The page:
Millions of solar panels have been installed in the last two decades—and since they typically last between 25 and 30 years, many will soon be ready for retirement and probably headed to a landfill. But new efforts to recycle these panels could reduce both the amount of waste and the new material that needs to be mined.
Only about 10% of panels in the US are recycled—it isn’t mandated by federal regulations, and recycling the devices is currently much more expensive than just discarding them. But the materials in solar panels coming offline each year could be worth an estimated $2 billion by 2050. New efforts, including one approach from a French startup called ROSI, are trying to recapture these valuable materials, especially silver and silicon, to make recycling the panels more financially viable.
Expanding solar-power production is key to reducing emissions worldwide. Globally, solar panels produced 720 terawatt-hours of energy in 2019, accounting for around 3% of the world’s electricity generation. And it took about 46 million metric tons of solar panels to do it.
About 8 million metric tons of decommissioned solar panels could accumulate globally by 2030. By 2050, that number could reach 80 million. Recycling these panels could provide a new source for materials that would otherwise need to be mined (potentially under unsafe or exploitative working conditions), making solar a more sustainable piece of the clean-energy puzzle.
What’s in a solar panel?
Solar panels are laid out like a sandwich with cells in the center. About 90% of commercial solar panels use silicon as the semiconductor, which converts light into electricity. Thin strips of metal, usually silver, crisscross the surface of silicon crystals in each cell and move electricity into the panel’s copper wiring.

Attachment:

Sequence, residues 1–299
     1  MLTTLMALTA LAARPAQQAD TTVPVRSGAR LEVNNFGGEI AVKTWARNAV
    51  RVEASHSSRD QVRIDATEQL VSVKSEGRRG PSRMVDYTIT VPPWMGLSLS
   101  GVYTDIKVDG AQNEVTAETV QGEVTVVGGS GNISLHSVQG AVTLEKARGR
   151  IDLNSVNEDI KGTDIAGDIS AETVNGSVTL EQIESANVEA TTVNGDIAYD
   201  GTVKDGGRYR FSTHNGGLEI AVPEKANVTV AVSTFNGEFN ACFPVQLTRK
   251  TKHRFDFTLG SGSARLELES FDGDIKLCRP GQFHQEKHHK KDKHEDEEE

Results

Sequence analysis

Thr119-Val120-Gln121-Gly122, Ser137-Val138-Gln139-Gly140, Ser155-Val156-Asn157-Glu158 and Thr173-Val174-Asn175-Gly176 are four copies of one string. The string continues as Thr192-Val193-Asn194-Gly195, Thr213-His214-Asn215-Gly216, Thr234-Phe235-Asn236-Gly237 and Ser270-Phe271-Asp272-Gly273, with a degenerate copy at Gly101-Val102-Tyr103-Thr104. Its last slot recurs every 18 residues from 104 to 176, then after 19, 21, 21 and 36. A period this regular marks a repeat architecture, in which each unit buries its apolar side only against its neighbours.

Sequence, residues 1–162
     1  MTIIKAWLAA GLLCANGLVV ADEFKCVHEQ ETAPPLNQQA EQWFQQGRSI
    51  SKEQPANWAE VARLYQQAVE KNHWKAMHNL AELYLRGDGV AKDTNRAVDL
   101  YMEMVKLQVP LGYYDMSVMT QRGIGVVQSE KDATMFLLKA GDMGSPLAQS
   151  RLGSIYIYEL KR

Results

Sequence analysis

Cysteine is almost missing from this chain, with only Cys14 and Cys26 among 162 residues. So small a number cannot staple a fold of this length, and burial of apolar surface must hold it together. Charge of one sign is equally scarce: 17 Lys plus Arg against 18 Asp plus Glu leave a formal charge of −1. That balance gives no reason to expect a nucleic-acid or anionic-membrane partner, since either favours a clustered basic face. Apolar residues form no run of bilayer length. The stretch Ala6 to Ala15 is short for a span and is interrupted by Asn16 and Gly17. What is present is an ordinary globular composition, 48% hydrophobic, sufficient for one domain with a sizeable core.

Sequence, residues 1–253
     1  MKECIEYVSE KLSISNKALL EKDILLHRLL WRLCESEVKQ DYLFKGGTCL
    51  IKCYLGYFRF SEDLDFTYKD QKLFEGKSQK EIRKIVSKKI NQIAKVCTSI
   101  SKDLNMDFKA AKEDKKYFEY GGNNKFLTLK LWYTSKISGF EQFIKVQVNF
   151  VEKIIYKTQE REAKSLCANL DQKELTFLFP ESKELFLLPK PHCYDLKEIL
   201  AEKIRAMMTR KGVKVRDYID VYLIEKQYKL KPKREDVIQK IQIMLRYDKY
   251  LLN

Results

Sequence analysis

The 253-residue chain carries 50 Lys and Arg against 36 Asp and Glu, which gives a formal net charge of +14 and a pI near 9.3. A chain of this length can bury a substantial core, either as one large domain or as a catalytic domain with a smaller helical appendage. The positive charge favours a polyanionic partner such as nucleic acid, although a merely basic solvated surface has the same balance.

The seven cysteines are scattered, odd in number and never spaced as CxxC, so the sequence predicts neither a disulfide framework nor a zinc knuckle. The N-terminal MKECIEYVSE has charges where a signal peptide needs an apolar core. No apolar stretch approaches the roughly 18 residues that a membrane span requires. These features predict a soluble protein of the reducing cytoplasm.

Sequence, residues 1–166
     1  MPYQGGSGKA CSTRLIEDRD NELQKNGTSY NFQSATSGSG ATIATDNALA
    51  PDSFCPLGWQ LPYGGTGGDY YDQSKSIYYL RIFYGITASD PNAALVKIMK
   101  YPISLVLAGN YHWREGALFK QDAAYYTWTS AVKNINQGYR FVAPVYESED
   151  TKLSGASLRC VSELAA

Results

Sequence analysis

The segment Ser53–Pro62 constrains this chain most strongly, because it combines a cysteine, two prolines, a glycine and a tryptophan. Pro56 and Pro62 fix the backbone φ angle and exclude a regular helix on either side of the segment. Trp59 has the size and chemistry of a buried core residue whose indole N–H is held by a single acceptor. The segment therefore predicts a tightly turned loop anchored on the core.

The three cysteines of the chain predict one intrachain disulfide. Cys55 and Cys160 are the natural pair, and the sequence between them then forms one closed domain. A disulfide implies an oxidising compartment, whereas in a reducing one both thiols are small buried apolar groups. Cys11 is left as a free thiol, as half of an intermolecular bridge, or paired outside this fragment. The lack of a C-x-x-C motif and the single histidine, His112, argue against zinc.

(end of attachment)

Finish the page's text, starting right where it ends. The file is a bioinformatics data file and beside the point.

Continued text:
The solar cells are encased in a protective barrier, usually a transparent plastic called EVA. Another layer of glass goes on top, and a different kind of plastic, like PET, covers the back. The whole thing is surrounded by an aluminum frame.
This layered construction protects cells from the elements while allowing sunlight through, but it can be difficult to deconstruct when the panels have reached the end of their life.
A second life
Some companies try to refurbish and reuse panels that have lost efficiency, or at least rescue some of their components. Reuse is the simplest and cheapest way to “recycle” panels—it requires the least processing and commands the highest price.
A panel might cost around $55, while a used panel might be resold for around $22. Or the used panel’s components might be sold for a total of up to $18, according to Meng Tao, an engineering professor at Arizona State University and founder of a solar-panel recycling startup called TG Companies.
Although some resellers offer used panels for sale to residential customers, they don’t offer much price savings. Panels only make up, at most, about half the cost of a residential solar array, with the other equipment and permits accounting for the rest. Given that used panels don’t generate as much electricity, the money saved by buying them might not be worth it.
Used panels that can’t be resold are destined for either the landfill or some type of recycling. In the absence of federal mandates, Washington recently passed recycling requirements for manufacturers, and other states are now considering doing the same. The EU, meanwhile, requires manufacturers to collect and recycle used solar panels and fund research on end-of-life solutions for the technology they produce.
Some waste facilities can recycle solar panels using mechanical methods. Most pop off the aluminum frame and grind all the glass, silicon, and other metals into a mixture called glass cullet, which can be sold for building materials or other industrial applications.
But cullet isn’t worth much—around $3 for a panel’s worth of the mixture. And it’s not clear if there will be buyers for all the cullet that would result from recycling many more solar panels, Tao says. Being able to extract pure, valuable materials might help make recycling more profitable.